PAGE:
As countries and companies rush to get their hands on critical raw materials to bolster supply chains and deal with a rocky energy transition, Saudi Arabia is staking its claim. It stands a real chance, especially with growing discomfort around reliance on China. But are investors willing to trust it just yet?
The country’s sovereign wealth fund and state miner are plowing in as much 11.95 billion riyals ($3.2 billion) to create a fund that will invest across the world in resources such as copper, nickel and lithium, as a non-operating partner with a minority equity stake. The company’s formation was announced at Saudi Arabia’s annual Future Minerals Forum, where giants like BHP Group Ltd., Rio Tinto Plc to Ivanhoe Mines Ltd., and officials from the US and UK convened last week.
This comes as the kingdom vies to become a global mining hub and establish the sector as a crucial pillar of its economy. The new entity will invest up to $15 billion in companies and assets globally to secure supply for domestic use. Saudi Arabia has been pushing growth in non-oil businesses like manufacturing, and its economy is now among the fastest growing of the Group of 20 countries, with non-oil industries expanding.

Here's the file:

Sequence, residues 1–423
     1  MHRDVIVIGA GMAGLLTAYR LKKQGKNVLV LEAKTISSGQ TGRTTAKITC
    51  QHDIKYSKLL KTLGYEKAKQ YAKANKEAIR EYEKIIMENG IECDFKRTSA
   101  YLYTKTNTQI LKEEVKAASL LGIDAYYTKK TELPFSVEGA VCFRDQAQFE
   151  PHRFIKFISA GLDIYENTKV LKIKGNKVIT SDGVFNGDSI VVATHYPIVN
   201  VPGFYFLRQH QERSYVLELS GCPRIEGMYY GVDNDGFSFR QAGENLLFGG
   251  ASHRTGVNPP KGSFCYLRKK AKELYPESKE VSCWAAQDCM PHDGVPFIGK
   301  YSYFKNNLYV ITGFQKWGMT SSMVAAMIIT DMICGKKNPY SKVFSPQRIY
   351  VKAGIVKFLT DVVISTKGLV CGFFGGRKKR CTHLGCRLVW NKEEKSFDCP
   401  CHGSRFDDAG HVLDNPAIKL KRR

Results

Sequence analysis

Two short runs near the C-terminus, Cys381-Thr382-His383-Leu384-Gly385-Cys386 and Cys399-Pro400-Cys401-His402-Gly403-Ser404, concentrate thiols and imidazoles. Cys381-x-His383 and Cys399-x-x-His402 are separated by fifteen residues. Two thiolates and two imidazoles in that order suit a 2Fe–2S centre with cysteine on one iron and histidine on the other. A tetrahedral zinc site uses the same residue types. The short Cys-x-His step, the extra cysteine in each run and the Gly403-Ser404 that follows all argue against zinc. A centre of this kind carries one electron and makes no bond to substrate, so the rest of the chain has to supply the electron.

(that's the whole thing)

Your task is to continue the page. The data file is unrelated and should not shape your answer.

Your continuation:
The government’s focus on cornering raw materials is well-timed and targeted, especially with supply chains in disarray and emissions-related regulatory pressures rising. China’s vital, yet tenuous, role in the global economy has forced companies to look for alternatives. Where will they find their ex-China source? Across the world, shortages of critical minerals loom and investment in technologies that will bolster or accelerate production has been slow. Meanwhile, large industrial undertakings that are key for the energy transition, like solar plants, electrolytic hydrogen facilities, EV batteries and carbon capture and storage, require heaps of metals. Despite policies like the US Inflation Reduction Act that are attempting to reconfigure American…
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